20 June 2023 – This Parenting Month, the global community is calling for accessible parenting support for every family. The Global Parenting Initiative and the Global Initiative to Support Parents (GISP)* is convening implementers, researchers, policymakers and donors to catalyse and scale parenting support through collective action. To mark World Refugee Day and Parenting Month, we hosted a Special Panel Discussion exploring the current state of parenting support in crisis, ongoing efforts to deliver parenting interventions, and recommendations for the provision of this support.
All parents and primary caregivers can benefit from evidence-based parenting support, but the urgency and needs are considerably elevated for families living through crisis and conflict. Globally, an estimated 268 million children and adolescents across 73 countries are affected by crises (ECW 2023), impacting their development, and putting them at greater risk of violence, exploitation and neglect. With the upwards trend in incidents of natural disasters, health emergencies, and armed conflicts over the past few years, these numbers are only set to rise. In these contexts, parents must strive to provide nurturing care to their children while simultaneously managing their own mental health and well-being, seeking access to essential services, and coping with increased threats and risk factors. Yet despite the enormity of the challenge, the role of parents as essential caregivers and protective buffers for children remains largely overlooked in humanitarian response.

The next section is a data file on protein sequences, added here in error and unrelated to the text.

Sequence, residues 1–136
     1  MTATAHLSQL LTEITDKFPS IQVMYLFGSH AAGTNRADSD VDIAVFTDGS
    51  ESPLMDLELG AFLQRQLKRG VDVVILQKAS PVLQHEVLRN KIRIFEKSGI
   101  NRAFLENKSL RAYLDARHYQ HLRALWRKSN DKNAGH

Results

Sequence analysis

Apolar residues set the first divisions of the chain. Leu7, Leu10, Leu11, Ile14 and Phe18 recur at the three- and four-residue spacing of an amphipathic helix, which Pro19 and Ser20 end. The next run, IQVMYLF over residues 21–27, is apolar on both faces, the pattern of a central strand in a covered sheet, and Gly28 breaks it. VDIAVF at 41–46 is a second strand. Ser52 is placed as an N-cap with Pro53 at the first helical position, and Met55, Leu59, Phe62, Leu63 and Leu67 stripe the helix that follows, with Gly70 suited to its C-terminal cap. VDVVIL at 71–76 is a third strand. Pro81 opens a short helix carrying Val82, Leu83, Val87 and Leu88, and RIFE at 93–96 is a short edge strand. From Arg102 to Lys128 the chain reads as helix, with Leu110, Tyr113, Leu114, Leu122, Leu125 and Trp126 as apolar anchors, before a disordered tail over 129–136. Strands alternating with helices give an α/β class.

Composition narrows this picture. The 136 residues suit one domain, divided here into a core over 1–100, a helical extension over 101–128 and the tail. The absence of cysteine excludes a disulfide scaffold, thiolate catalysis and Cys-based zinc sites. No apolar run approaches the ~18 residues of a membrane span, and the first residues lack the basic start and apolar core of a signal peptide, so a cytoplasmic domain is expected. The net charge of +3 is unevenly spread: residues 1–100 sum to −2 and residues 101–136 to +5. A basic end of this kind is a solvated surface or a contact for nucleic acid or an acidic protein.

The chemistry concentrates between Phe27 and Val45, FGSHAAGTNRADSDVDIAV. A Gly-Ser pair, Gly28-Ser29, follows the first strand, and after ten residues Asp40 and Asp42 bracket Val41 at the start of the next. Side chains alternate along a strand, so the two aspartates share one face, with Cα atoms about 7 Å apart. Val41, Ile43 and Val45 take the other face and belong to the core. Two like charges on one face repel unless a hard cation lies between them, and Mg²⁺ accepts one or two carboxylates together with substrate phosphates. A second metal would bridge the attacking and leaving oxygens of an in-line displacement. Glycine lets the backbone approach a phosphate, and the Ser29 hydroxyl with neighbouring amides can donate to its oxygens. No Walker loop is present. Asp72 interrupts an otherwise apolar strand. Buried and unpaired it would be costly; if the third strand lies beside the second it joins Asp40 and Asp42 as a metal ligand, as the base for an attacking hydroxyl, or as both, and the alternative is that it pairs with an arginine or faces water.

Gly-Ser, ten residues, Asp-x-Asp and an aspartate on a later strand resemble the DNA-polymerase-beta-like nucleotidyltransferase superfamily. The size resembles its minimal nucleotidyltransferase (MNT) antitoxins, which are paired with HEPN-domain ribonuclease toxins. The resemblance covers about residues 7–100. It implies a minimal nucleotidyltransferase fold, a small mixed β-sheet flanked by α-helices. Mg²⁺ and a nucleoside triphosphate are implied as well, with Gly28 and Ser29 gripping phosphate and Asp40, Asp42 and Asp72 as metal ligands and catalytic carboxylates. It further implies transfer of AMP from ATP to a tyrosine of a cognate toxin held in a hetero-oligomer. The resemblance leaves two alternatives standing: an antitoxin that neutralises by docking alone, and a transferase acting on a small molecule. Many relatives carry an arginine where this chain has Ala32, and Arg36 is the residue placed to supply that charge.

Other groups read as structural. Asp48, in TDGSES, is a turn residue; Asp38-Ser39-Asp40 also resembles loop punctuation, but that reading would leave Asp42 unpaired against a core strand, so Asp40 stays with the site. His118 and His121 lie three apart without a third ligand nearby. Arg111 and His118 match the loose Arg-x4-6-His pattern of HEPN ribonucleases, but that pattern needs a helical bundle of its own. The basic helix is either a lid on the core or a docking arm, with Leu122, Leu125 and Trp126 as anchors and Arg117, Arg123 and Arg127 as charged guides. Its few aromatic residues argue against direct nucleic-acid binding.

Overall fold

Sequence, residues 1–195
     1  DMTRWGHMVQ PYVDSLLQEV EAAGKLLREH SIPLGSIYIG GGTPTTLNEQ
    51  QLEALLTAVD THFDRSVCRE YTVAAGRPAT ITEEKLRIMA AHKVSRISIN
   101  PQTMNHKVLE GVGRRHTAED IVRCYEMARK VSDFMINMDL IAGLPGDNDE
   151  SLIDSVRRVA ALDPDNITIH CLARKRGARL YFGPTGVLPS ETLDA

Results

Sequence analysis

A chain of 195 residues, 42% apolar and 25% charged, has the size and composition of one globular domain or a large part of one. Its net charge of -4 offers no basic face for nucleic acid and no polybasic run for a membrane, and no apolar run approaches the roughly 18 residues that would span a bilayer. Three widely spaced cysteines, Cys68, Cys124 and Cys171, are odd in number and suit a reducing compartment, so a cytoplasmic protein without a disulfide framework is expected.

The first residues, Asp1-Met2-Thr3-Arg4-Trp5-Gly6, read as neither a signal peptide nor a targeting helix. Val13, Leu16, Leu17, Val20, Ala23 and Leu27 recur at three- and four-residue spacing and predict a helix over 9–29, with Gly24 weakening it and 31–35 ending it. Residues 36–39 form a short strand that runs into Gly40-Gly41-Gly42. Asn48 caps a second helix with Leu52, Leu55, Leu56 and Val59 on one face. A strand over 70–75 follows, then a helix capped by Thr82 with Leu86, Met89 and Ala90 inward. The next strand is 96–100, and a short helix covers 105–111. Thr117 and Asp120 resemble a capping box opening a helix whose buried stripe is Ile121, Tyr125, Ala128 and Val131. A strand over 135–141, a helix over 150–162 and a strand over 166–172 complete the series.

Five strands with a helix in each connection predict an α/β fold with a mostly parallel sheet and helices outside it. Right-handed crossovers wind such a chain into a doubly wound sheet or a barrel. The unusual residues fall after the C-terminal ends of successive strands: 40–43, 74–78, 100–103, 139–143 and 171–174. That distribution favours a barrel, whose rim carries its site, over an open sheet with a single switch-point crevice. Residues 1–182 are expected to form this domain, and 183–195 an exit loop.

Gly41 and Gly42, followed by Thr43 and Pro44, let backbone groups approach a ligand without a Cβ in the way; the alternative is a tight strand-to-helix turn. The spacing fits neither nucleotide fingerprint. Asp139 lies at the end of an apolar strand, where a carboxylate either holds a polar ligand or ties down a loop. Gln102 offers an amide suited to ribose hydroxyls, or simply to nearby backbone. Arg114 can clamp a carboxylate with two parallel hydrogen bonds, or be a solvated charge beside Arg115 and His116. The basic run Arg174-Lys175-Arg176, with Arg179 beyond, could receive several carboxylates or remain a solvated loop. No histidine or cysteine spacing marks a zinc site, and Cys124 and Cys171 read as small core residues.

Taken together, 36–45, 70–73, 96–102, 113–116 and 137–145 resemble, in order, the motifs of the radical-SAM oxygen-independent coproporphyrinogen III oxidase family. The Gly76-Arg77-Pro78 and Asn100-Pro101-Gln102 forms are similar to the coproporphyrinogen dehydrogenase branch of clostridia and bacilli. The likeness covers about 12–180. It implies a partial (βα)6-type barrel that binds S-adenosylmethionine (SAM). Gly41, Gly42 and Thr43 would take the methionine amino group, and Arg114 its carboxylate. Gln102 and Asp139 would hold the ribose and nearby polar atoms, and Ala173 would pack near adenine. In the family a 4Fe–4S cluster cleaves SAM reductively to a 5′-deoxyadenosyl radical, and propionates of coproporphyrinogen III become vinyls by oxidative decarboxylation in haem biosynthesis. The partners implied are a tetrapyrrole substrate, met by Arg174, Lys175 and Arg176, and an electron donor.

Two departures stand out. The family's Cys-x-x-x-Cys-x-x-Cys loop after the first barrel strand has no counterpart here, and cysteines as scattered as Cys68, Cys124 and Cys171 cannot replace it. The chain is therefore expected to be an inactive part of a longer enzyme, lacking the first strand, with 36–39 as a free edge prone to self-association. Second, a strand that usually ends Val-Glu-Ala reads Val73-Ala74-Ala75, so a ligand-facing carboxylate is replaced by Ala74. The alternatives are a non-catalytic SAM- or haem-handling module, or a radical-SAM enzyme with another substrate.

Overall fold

We delved into the ins-and-outs of providing parenting support to families in emergency and humanitarian contexts. Participants learned about:
- Current evidence and research gaps on the provision of parenting support in crisis contexts
- Resources for promoting caregiver mental health and psychosocial well-being
- Existing programme models serving parents and caregivers in different settings, challenges and successes in implementation, and recommendations for future work.
Speaking on the evidence behind and importance of this support were experts from Parenting for Lifelong Health, Global Parenting Initiative, UNICEF, WHO, Early Childhood Development Action Network, and Save the Children. Sitting on our panel exploring the technicalities, challenges, successes and recommendations for providing parenting support in emergencies were representatives from the United Nations Office on Drugs and Crime, the International Rescue Committee, War Child Holland and Karachi Relief Trust, organisations supporting parents on the ground in some of the most challenging humanitarian settings around the world.